The next day was Saturday and as my audition gradually diluted from my mind, I remembered the lottery ticket, I remembered my dream. THIRTY SEVEN, THIRTY SEVEN, THIRTY SEVEN, THIRTY SEVEN. I sat that night in front of the TV with ticket in hand, convinced I was a psychic, convinced this dream most definitely had a meaning. It was SO precise, so definitive, so emblematic. I can’t remember what the winning numbers where that night, but I do remember that I didn’t win. “Not even a tenner!” I thought. I threw the ticket in the bin and thought no more of it.
On the Monday morning I received a call from my agent. “You’ve been offered the part of Joe Glover in HILLSBOROUGH and the producer Katy Jones would like you to go and meet Joe and his family THIS very afternoon”.
I remember almost dropping the receiver. I remember the fear that struck. This young impressionable 23 year old actor had to grow the f*ck up and fast.
I had had the advantage of playing a character that actually existed before, when I portrayed The Original Beatles drummer Pete Best in the bio-movie BACKBEAT. But this was very different. Although I had met and befriended Pete Best during post production, the producers of Backbeat were never keen for us to meet before the shoot. Hillsborough was different, the very opposite in fact. I was encouraged – ‘instructed’ even – to throw myself headlong into Joe Glover’s World.
Make no mistake, as a 23-year-old actor; this was a job that would really test my mettle. These people deserved a voice; Jimmy McGovern, Katy Jones, Nicola Shindler, Charles McDougall and Granada had given them that voice. It was our job as actors to make that voice as clear as it could be.
I borrowed my parents’ car and drove to the address that I’d been given. All the way my nerves were shot, negated by a sense of pride and great responsibility.
I was greeted at the door by John and Theresa Glover and invited in to their welcoming home. I remember an old-fashioned two-tiered cake tray filled with fresh cream cakes and a proper cup of tea in the finest china cups. I remember there being no sign of Joe. (Although we did meet several times in the course of my research, Joe was still struggling and unable to meet me at that point). But most of all I remember a feeling of gratitude on both our parts, mixed with a cautious curiosity from theirs, an air filled with an unspoken desire and NEED for trust. A virtue that had been reduced to cynicism seven years earlier by the evil lies and smear campaign conducted by The Sun Newspaper under the editorship of Kelvin MacKenzie.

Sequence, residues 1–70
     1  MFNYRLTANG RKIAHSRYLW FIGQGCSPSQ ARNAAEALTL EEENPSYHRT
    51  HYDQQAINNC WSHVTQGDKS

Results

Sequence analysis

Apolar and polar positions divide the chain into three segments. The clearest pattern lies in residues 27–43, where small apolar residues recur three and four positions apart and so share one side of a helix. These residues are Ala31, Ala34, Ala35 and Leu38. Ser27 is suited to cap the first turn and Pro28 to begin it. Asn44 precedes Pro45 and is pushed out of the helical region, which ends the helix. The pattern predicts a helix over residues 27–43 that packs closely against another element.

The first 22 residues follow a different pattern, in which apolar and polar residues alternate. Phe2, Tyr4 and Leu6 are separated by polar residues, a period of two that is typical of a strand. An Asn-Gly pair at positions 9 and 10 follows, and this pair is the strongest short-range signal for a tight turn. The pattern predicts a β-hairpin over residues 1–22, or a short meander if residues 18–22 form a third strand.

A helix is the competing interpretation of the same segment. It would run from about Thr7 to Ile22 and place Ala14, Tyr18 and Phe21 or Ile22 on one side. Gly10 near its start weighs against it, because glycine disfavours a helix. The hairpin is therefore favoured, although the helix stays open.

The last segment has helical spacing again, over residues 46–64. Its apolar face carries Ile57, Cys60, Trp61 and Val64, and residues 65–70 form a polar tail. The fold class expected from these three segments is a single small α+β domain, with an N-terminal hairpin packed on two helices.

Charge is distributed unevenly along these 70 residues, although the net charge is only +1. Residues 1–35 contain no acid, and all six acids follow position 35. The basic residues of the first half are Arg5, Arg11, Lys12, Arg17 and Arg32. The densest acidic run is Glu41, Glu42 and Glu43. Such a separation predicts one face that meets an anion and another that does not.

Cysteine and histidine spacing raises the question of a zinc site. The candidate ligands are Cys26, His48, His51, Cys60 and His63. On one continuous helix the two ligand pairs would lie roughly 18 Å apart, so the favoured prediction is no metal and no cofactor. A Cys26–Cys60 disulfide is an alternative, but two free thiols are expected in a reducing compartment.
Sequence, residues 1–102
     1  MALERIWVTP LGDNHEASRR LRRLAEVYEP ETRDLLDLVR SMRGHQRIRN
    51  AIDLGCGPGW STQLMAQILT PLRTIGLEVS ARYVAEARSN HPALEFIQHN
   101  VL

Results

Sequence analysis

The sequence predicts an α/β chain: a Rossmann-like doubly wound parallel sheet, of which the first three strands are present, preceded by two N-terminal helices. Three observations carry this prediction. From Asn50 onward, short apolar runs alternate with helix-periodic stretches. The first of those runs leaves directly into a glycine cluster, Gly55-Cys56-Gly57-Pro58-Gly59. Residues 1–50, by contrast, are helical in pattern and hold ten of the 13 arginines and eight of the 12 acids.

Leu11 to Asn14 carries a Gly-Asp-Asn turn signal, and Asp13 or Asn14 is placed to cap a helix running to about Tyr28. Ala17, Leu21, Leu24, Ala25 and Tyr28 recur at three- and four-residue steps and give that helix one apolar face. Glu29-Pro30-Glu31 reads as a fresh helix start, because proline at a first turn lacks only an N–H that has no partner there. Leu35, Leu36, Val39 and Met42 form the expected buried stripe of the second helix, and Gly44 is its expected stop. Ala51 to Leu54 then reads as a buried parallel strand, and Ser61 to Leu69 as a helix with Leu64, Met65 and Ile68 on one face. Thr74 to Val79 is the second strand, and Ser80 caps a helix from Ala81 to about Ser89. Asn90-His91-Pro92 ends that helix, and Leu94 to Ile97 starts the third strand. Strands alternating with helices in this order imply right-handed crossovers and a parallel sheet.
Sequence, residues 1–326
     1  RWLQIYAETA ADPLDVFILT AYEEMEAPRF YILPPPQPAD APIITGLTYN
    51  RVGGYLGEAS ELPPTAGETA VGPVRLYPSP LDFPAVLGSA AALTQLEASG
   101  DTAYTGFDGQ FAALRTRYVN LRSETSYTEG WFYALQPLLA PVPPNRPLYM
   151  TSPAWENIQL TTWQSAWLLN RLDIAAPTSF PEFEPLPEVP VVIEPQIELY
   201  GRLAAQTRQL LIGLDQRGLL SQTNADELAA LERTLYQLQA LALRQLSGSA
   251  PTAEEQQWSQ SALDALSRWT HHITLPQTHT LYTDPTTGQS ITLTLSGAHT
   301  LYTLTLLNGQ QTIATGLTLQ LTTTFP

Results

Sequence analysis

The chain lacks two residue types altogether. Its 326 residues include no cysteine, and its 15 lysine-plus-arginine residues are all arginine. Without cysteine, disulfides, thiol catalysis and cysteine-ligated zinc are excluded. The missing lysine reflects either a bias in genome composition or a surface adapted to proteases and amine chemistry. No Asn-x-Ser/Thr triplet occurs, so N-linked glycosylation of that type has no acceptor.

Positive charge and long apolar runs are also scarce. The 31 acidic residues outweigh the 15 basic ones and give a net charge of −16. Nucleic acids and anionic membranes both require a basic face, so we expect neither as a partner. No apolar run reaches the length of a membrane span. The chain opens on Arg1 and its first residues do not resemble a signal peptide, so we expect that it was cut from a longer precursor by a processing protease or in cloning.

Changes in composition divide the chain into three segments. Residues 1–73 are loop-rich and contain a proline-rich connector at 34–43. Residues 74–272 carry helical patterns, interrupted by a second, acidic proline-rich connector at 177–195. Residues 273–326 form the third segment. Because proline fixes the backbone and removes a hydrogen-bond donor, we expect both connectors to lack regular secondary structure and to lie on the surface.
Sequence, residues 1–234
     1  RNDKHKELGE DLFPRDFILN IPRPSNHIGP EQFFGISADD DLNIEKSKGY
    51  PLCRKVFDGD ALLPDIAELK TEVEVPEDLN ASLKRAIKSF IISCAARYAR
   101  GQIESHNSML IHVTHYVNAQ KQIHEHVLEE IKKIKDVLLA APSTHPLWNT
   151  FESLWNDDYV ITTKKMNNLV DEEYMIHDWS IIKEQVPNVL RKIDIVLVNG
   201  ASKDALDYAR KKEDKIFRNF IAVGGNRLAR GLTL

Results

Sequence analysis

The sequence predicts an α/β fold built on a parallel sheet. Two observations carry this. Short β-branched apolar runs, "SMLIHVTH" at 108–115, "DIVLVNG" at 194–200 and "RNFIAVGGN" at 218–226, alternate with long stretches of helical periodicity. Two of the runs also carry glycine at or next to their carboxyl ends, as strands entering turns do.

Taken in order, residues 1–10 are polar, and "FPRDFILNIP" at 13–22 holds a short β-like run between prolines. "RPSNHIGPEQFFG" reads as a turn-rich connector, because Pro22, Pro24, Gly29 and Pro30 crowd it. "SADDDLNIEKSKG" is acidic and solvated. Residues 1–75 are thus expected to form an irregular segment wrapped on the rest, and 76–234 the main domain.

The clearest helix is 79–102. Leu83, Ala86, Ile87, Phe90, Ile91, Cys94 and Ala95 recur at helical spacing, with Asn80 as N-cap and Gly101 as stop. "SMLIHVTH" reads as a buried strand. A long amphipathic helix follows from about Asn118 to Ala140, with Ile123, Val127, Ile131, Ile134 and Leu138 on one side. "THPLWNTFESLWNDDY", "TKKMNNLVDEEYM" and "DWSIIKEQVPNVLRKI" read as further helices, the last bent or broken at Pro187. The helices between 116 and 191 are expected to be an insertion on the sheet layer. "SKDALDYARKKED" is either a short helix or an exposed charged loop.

I spoke with The Glovers about that day, April 15th 1989. From morning until night. How it had started so well and ended to badly. John struggled to get through his recollections, but his courage carried him through as he told me of that moment when he finally arrived in Sheffield to identify his son Ian’s body.
“The Police had taken Polaroid photographs of all of the dead, numbered each of them and pinned them to a board for us to look at”, he told me.
“I looked and looked but couldn’t see my lad. One dozen faces, two dozen faces, three dozen faces… and still no sign of Ian… but then there he was… on the Polaroid photograph numbered 37”.
Think what you like, but at that very moment I felt I had been chosen for the job. Not by a production team or director, but by something or someone altogether different… and my God I was proud!
This piece comes with the Blessing of John and Theresa Glover who I thank and admire continuously for their strength and courage. JUSTICE FOR THE 96.
This Saturday sees a demonstration against The Sun newspaper at The Liverpool v Sunderland game at Anfield. DONʼT BUY THE SUN.